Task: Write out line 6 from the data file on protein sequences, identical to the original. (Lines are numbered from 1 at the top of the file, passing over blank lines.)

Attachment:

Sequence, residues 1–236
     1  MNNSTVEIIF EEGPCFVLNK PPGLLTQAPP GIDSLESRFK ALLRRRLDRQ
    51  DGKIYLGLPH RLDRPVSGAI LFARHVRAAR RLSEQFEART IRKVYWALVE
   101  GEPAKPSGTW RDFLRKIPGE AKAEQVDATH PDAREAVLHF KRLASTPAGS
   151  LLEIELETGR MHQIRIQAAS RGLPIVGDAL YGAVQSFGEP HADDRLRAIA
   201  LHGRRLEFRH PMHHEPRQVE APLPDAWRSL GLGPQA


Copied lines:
   201  LHGRRLEFRH PMHHEPRQVE APLPDAWRSL GLGPQA